• A producer may hear someone speak about an interesting topic at a social gathering or a lecture at the local library. That can lead to a conversation that persuades that speaker to become a presenter for Bard LLI.
  • Margaret reads other area LLI catalogs carefully, looking for new and different presenters she or other committee members might contact to teach at Bard LLI. They also may contact the other LLI curriculum volunteers for feedback they have received on the presenter before signing them on.

Established presenters regularly come to the committee with ideas for a new course and are usually willing to work with the same producer.  And three classes are produced by their presenters—Chuck Mishaan, Gary Miller, and Barbara Danish (co-teaching with Laura Brown).

Course ideas have to be engaging and relevant to the interests of LLI members. Do you know of someone who might make a good presenter? Email Linda at [email protected] with your suggestion. You can also suggest ideas for a course, but the committee would prefer you also suggest a possible presenter.

Bard Masters of Math and Science
Longtime Presenter Chuck Mishaan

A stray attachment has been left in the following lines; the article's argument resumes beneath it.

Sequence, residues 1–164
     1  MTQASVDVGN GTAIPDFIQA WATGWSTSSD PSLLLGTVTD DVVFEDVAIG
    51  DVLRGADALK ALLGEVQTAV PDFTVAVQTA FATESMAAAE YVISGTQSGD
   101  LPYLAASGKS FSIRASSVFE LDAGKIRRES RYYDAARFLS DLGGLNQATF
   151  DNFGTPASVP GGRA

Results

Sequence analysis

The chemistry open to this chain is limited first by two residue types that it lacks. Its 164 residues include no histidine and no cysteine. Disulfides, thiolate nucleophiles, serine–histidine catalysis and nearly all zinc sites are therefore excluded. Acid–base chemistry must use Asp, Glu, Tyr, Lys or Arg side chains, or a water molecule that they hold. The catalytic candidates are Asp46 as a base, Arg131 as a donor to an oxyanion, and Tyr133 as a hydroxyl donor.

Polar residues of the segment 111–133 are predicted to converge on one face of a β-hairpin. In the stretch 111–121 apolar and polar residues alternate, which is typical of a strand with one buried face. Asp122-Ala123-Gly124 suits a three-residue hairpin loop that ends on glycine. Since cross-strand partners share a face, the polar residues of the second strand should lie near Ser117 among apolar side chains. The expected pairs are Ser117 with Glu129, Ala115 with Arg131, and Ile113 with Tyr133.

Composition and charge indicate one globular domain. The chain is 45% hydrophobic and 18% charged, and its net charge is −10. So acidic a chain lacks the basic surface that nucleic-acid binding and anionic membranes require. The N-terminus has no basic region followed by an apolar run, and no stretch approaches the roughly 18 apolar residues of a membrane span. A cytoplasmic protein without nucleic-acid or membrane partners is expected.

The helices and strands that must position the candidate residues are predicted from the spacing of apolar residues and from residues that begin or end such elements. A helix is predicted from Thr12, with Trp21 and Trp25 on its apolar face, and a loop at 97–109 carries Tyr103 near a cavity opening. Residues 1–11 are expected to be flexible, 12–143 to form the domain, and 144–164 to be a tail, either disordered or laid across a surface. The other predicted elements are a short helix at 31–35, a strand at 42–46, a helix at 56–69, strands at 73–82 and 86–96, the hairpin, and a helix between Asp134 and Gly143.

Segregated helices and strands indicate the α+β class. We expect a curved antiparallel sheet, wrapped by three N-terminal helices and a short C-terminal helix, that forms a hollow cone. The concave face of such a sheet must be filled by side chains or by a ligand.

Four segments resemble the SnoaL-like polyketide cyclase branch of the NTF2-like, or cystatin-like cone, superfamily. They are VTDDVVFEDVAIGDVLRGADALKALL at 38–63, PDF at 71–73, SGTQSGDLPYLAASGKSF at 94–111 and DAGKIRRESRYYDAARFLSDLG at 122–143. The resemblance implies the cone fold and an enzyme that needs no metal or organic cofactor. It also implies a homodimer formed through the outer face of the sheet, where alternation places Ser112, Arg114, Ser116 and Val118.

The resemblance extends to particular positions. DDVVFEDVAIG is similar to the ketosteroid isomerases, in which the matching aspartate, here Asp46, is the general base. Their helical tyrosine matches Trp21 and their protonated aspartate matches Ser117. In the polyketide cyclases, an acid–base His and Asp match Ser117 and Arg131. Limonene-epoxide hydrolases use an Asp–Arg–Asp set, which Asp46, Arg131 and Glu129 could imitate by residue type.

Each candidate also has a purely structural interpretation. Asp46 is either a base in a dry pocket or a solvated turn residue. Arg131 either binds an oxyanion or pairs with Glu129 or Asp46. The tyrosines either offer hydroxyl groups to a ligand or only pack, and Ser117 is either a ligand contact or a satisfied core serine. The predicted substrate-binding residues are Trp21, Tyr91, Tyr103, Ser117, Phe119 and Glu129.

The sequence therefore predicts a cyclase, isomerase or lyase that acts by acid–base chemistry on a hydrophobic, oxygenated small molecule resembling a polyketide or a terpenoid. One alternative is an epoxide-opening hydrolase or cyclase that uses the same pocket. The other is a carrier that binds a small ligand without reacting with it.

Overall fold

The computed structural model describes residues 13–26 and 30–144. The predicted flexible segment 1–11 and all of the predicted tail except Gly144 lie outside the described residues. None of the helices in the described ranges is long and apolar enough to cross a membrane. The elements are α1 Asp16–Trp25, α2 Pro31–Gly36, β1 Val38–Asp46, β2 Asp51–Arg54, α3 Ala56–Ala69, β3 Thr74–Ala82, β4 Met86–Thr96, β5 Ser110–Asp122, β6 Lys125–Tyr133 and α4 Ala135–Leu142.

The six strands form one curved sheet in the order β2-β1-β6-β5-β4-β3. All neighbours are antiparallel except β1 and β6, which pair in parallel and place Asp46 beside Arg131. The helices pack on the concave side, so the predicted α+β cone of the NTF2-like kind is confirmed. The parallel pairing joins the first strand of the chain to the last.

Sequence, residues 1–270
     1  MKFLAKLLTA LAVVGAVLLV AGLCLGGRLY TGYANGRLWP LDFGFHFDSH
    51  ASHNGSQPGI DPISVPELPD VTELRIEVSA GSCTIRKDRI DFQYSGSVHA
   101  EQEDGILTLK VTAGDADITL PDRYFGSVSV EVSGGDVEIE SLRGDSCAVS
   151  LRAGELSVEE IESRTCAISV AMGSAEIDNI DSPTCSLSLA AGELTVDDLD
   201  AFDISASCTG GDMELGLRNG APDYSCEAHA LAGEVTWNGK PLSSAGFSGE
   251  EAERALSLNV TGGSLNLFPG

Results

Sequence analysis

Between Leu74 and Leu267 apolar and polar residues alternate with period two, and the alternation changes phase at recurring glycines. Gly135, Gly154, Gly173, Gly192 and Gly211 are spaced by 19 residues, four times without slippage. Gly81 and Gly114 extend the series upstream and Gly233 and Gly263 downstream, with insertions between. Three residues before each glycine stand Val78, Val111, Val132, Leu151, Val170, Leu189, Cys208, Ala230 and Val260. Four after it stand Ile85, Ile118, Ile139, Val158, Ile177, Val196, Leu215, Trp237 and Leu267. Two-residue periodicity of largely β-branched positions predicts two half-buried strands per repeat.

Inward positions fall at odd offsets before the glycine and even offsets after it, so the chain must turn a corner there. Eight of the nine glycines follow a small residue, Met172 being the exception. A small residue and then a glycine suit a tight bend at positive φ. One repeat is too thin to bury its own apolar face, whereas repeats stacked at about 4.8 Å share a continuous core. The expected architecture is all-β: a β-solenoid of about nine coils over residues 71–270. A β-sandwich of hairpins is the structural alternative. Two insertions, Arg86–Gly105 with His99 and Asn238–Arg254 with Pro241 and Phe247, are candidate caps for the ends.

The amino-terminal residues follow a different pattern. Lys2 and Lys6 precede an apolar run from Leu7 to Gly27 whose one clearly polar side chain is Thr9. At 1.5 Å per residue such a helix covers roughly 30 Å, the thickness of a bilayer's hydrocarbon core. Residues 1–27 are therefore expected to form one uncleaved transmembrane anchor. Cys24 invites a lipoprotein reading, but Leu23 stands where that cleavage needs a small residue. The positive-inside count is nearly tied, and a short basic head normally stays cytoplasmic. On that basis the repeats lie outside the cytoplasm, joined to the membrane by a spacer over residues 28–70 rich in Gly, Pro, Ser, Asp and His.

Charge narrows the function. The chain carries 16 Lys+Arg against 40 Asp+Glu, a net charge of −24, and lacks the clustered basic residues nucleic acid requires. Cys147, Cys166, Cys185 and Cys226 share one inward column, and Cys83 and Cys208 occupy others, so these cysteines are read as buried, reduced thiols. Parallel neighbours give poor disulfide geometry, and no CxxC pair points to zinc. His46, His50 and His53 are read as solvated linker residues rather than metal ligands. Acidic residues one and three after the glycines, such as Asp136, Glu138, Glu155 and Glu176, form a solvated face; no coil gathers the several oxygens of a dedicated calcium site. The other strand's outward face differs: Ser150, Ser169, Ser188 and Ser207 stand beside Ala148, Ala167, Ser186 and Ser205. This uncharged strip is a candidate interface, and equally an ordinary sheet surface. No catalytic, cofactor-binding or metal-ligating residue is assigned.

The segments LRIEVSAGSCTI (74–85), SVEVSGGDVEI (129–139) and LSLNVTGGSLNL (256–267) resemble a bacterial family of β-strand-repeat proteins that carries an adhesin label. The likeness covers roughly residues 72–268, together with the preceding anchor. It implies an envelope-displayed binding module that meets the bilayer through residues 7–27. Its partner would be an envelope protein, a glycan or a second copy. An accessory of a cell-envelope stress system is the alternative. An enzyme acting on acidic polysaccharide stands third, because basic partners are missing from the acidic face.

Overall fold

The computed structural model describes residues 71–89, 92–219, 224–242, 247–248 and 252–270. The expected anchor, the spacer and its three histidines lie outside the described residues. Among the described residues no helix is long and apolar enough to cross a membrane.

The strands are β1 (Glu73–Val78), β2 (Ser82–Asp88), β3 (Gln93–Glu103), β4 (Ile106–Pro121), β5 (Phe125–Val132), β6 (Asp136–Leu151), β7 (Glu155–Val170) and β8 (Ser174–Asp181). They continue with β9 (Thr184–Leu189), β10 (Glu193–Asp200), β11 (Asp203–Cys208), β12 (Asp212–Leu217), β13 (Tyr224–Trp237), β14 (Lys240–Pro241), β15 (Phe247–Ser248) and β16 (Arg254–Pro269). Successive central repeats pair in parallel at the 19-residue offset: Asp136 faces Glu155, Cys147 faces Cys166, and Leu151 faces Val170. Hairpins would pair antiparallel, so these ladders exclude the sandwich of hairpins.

New Presenter Peter Scheckner
New Presenter Kris McDaniel-Miccio

Vetting New Presenters

Members of the Curriculum Committee always interview potential presenters face-to-face to get a sense of them. The Committee looks for someone with passion for their topic, energy, a need to be on stage, and charisma—if you’re bored talking to them in a coffee shop, chances are you will be bored senseless in a classroom. Sometimes Linda looks for a YouTube video of a course presenters have given to see how animated they are.

Helping Presenters Succeed

Once presenters have signed on to be part of the Bard LLI family, they often have a lot of questions about their upcoming experience. They want to succeed, and it is the producer’s job to help them reach that goal. Ideally, the presenter, producer, and class manager or session manager meet to plan the semester.

It is generally a good idea to know what will be covered in the course and what will be covered each week. Margaret recommends having the presenter write a simplified syllabus for class dissemination at the beginning of the seven weeks. She also works with the presenter to send out weekly emails. Each email is a brief summary of what happened in the class, a reminder of any assignment, and a foretaste of what is to come in next week’s class. That keeps members involved when classes aren’t in session.